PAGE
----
Subscribe to our free, weekly email newsletter!

FedEx Express rolls out new Vietnam flight

By Jeff Berman, Group News Editor
November 30, 2010

FedEx subsidiary FedEx Express recently announced it has launched a new flight to and from Hanoi, Vietnam, which will run weekly from Tuesday through Friday.

Company officials said this flight will improve transit times for outbound shipments from Hanoi by one day to multiple destinations, including China, and is part of the company’s effort to be more responsive to the needs of its customers in Vietnam and the Asia Pacific region.

“FedEx has always focused on listening to our customers and meeting their shipping needs,” said David L. Cunningham Jr., president of FedEx Express, Asia Pacific, in an interview.  “Vietnam has demonstrated strong growth in recent years. Export turnover in the first nine months rose 23.2% year-on-year [according to Monthly Statistics Information, Vietnam General Statistics Office, Oct 2010].. Like manufacturers everywhere, those in Vietnam are looking for ways to extract the greatest efficiencies from their supply chains in order to remain competitive.”

Cunningham added that with this service, FedEx further strengthens its leadership and network connectivity in the region. Currently, FedEx connects Vietnam to 22 key Asian cities with the industry’s most extensive intra-Asian network, FedEx AsiaOne. Through the AsiaOne network, businesses in Vietnam are connected to the world through our global network, he said.

With this new flight, FedEx Express now operates around ten flights per week, connecting Vietnam with its major trading partners – the U.S., the E.U., Japan, China and other markets in Asia.

FedEx officials said in a statement that the company has been investing significantly in its operations in Vietnam since diplomatic relations with the U.S.A. were re-established in 1994. They added that FedEx is the first international express transportation company to have its own flights flying into and out of Vietnam. And in 2008, FedEx said it launched an Airbus 310 flight service linking Vietnam and global markets, which increased the company’s transportation capacity into and out of Vietnam five-fold, to more than 30,000kg a day.

The company also pointed out that China has become Vietnam’s biggest trading partner for the past six years, with first quarter trade volume between the countries rising 47.6 percent to $5.554 billion.


About the Author

Jeff Berman headshot
Jeff Berman
Group News Editor

Jeff Berman is Group News Editor for Logistics Management, Modern Materials Handling, and Supply Chain Management Review. Jeff works and lives in Cape Elizabeth, Maine, where he covers all aspects of the supply chain, logistics, freight transportation, and materials handling sectors on a daily basis. .(JavaScript must be enabled to view this email address).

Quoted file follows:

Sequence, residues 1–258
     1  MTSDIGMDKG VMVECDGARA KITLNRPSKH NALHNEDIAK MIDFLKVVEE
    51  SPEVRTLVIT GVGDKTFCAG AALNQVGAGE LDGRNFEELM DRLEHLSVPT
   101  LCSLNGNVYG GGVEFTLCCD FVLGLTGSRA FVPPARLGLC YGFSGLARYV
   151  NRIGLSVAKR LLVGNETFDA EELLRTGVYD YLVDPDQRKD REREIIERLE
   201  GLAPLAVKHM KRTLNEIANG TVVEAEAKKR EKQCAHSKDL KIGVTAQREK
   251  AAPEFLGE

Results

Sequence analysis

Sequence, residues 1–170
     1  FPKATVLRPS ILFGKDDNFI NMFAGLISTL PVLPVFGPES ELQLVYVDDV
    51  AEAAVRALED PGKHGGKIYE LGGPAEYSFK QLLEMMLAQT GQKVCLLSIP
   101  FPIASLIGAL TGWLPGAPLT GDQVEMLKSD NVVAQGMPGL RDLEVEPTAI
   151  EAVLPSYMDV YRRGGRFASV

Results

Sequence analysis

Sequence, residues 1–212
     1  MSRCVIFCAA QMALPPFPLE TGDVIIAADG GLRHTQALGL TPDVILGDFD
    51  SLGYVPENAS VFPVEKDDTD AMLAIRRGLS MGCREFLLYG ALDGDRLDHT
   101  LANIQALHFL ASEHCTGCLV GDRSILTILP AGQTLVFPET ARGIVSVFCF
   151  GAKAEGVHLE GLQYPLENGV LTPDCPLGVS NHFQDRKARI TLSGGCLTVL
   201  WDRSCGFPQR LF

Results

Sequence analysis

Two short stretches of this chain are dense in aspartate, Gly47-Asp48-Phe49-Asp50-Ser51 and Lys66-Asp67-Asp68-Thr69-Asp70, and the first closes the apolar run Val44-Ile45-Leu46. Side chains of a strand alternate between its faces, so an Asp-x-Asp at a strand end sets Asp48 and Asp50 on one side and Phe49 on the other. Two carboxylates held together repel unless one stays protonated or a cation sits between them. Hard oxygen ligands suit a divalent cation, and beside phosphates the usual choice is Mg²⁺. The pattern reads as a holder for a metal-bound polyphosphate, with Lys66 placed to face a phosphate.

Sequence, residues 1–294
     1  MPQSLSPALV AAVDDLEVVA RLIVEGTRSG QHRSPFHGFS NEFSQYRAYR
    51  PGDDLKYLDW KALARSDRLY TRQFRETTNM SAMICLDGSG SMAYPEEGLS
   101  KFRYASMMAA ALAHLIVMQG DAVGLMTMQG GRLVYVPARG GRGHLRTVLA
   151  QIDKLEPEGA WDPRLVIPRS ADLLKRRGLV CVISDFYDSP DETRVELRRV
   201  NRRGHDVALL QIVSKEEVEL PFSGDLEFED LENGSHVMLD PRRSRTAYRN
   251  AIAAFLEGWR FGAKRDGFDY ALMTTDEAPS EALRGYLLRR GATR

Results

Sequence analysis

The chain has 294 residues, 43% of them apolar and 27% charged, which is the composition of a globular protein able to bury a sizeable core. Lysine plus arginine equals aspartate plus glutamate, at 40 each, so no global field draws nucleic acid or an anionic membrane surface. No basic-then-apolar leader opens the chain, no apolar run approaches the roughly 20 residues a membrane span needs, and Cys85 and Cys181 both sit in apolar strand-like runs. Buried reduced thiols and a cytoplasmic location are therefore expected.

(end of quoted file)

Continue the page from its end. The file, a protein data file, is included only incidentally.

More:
Subscribe to Logistics Management magazine

Subscribe today. It's FREE!
Get timely insider information that you can use to better manage your
entire logistics operation.
Start your FREE subscription today!

Recent Entries

Companies used to compete on price and service. The future of supply chain, according to Steve Melnyk, is culture. In fact, innovators like Apple, Google, and Unilever are already leading because of their cultures. Your company can too.

As evidenced by the widening gap in the United States trade deficit, which has seen imports far outpacing exports for years on end, the September edition of the “Global Trade Pulse” from global maritime and trade consultancy Hackett Associates paints a similar picture for trade activity in North America, with some overlapping themes apparent in the report’s European data, too.

Kurt Nagle, president and CEO of the American Association of Port Authorities recently voiced his endorsement of this trade legislation

While many auto executives expect more industry recalls in 2015 and 2016, just 8 percent use advanced predictive analytics to help prevent, prepare for, and manage recalls, according to a recent online poll from Deloitte.

Purolator white paper highlights common Canadian shipping mistakes. From failing to appreciate the complexity of the customs clearance process to not realizing that Canada recognizes both French and English as its official languages, U.S. businesses frequently misjudge the complexity of shipping to the Canadian market. This often results in mistakes - mistakes that can come with hefty penalties and border clearance delays, and that can result in lingering negative perceptions among Canadian consumers.


Post a comment
Commenting is not available in this channel entry.

© Copyright 2015 Peerless Media LLC, a division of EH Publishing, Inc • 111 Speen Street, Ste 200, Framingham, MA 01701 USA